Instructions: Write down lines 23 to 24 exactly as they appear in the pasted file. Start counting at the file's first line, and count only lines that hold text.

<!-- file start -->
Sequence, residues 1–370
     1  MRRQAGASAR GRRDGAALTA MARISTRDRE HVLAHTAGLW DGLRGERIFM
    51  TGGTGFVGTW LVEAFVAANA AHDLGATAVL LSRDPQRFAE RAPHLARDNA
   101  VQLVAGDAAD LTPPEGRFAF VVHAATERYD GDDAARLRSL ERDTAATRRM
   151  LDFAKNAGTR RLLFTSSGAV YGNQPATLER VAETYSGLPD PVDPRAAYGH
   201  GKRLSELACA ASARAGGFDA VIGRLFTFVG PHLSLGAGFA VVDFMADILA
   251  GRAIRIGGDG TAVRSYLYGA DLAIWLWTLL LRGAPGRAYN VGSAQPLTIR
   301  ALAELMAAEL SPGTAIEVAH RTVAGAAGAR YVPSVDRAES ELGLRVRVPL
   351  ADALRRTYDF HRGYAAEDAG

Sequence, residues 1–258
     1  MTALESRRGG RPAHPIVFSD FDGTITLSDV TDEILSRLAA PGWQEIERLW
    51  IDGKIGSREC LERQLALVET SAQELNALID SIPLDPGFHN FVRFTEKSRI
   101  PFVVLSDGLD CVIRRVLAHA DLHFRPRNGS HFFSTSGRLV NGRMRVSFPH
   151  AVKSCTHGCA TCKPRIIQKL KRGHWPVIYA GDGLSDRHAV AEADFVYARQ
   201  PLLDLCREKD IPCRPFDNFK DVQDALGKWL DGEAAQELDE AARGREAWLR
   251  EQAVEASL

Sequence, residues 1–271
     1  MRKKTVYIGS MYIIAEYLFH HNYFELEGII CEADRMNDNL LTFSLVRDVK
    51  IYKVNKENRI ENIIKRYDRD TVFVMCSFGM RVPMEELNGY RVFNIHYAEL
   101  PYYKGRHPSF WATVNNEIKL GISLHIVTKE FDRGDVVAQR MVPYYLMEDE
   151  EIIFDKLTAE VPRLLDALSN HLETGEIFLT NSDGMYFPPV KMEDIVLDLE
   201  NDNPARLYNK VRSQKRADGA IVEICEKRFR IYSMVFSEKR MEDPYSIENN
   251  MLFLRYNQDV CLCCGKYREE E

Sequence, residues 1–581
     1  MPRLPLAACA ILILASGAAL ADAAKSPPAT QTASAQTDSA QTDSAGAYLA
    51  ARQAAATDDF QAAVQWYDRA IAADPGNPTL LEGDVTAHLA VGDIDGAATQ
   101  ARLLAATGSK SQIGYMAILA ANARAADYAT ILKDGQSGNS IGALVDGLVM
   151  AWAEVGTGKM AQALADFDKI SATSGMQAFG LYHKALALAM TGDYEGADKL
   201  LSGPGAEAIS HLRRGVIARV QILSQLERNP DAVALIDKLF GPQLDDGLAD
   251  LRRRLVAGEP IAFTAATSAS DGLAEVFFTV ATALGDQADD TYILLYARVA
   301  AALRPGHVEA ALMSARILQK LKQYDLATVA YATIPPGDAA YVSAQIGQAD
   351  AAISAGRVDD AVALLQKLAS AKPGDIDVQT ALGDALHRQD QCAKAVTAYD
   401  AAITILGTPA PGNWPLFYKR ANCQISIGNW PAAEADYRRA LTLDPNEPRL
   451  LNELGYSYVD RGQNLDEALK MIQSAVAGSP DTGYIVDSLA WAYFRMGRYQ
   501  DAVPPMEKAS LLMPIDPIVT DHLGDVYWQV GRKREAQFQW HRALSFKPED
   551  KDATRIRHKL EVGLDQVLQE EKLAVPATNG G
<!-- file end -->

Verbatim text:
   251  MLFLRYNQDV CLCCGKYREE E

Sequence, residues 1–581